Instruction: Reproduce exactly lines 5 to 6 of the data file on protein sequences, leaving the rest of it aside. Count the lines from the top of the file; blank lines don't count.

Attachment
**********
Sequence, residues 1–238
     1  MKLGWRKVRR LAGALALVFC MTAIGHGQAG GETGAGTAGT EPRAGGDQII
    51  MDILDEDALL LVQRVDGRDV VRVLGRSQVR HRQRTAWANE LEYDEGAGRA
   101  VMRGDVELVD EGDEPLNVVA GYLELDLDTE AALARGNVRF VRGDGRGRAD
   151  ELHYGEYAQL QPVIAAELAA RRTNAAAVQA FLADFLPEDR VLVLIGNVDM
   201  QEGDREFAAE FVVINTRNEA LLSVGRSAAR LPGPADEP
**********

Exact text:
   151  ELHYGEYAQL QPVIAAELAA RRTNAAAVQA FLADFLPEDR VLVLIGNVDM
   201  QEGDREFAAE FVVINTRNEA LLSVGRSAAR LPGPADEP